How Deep to Plant Cucumber Seedlings? (2 methods)

Cucumber Seeds Planting Depth

Cucumbers, with their winning sweetness and crunchiness combo, are a great addition to any vegetable garden. One of the first things you’ll need to know when you’re planting these summertime veggies is how deep exactly to plant your cucumber seeds or seedlings, and that’s what we’ll be discussing here.

Cucumbers can be started in the garden by planting 3-5 seeds one inch deep at about 12-inch intervals. Cucumbers started indoors can be transferred after about 3-4 weeks. Exact heights of seedlings will vary, but they should generally be planted up to their first set of leaves.

Whether you’re looking to add some extra crunch to your salad, craving some DIY pickles, or wanting to de-stress with a super refreshing green face mask, cucumbers are the way to go. And it all starts with the seeds. Let’s dig in!

Cucumber Seeds Planting Depth

Cucumber Seeds Planting Depth

Cucumbers can be started indoors or outdoors. We’ll begin with the outdoors, directly-into-the-garden scenario.

Cucumber seeds should be planted in a garden once the soil is at least 70°F. Plant seeds one inch to one and a half inches deep and cover with soil. There should be at least 12 inches of space between groups of seeds using the row system.

Planting directly into the garden can save you a lot of hassle if the weather in your area allows for it.

While you only need about an inch depth when first planting the seeds, the roots can extend an amazing 36 to 48 inches.

To account for this, don’t plan on planting near other large root systems like trees. You’ll want your very own cucumber patch.

Also, it’d be best if you removed larger rocks down to at least an 8-inch depth before planting the seeds.

You don’t need to purge it completely. Just try to remove the stuff that will get in the way of the root system.

2 methods for planting cucumbers: Rows vs. Hills

2 Methods For Planting Cucumbers: Rows Vs Hills

Generally, there are 2 methods for planting cucumbers in the garden: rows and hills.

The row layout is pretty typical and self-explanatory. You can plant about 3-5 seeds at a time to increase the likelihood of sprouting, and cut down on the growth later, if needed.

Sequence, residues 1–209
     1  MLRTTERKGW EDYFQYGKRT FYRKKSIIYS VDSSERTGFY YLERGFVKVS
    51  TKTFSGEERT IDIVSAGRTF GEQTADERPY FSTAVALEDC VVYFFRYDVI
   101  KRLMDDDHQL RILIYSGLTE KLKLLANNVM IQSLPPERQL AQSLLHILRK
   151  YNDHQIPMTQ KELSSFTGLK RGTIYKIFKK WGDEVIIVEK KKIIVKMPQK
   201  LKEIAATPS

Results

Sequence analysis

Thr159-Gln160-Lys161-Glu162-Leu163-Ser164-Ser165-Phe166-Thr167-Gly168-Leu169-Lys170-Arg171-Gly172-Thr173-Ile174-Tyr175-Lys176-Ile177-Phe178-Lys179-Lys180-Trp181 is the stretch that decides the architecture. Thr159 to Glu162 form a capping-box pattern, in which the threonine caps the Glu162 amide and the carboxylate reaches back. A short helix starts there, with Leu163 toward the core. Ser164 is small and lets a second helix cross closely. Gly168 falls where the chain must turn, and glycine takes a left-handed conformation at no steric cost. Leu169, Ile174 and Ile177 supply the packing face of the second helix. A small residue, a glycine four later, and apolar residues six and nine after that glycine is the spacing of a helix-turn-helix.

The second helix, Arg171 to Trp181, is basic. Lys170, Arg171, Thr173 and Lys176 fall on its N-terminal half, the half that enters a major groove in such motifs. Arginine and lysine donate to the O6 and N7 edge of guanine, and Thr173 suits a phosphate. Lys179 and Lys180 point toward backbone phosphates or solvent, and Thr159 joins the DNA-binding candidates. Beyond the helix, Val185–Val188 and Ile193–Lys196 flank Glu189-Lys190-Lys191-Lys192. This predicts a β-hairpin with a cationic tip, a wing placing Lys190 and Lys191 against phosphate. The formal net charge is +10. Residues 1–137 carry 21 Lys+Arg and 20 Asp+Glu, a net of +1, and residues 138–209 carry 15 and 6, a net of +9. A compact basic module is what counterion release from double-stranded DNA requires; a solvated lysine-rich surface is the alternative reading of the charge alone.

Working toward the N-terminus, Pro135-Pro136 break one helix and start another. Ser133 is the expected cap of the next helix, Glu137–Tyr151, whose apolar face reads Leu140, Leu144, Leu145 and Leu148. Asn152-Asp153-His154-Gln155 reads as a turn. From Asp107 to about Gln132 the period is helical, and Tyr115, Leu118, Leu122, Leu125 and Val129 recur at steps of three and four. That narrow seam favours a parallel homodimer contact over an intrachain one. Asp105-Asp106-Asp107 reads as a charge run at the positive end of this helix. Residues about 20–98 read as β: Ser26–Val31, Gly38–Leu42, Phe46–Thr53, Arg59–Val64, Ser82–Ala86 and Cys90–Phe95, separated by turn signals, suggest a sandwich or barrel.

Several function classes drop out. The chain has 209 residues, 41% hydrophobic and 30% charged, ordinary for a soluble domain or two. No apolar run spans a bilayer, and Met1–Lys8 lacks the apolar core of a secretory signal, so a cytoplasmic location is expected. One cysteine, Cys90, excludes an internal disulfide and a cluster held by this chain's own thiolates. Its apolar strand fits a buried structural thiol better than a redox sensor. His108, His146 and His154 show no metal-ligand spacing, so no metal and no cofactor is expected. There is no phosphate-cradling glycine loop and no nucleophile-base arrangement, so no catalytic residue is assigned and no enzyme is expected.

Plant each group of seeds about 12 inches apart. Some varieties don’t mind closer spacing, but this is a safe distance. Rows should be about 5-6 feet apart (note the units!).

As for hills, you should build those up to be 4-6 inches tall, and you can add a few more seeds at the start – generally, 4-6 – at a depth of one inch. Space the hills 5-6 feet apart, just like with the rows.

You might want to check out our complete article on how far apart to plant cucumbers and tomatoes.

How Deep to Plant Cucumbers in Pots?

How Deep To Plant Cucumbers In Pots?

Of course, if you’re living in a place that doesn’t start getting warm until fairly late in the year, and you’re wanting your cukes earlier than planting outside would allow, I can’t fault you for opting not to wait.

You can get a jumpstart despite cold weather by starting your seeds inside using pots.

Cucumber seeds should be started indoors no more than 4 weeks before the last frost. Plant 3-5 seeds about one inch deep in seed starter mix. Use a large container that holds at least 5 gallons of soil per plant if they won’t be transferred, and individual biodegradable pots if they will be.

Cucumbers can be grown entirely in containers, if you so choose.

The benefit of this is that, like with planting directly into the garden, you won’t be disrupting the root system very much, which cucumbers don’t like.

If you’re taking this route, you’ll need a container large enough to accommodate those long, extending roots.

And be sure that you don’t plant any too close to another.

See the 6 stages if the life cycle of cucumbers, & why they’re important.

Starting cucumbers in containers

Starting Cucumbers In Containers

It’s good to plant more than one seed in each interval to increase the odds of germination.

But if more than one starts to grow over a few inches tall per grouping, you’ll need to cut it down to just one.

If you’re only planning to start your cucumber indoors, and transfer seedlings to the garden once it’s safe for the little guys.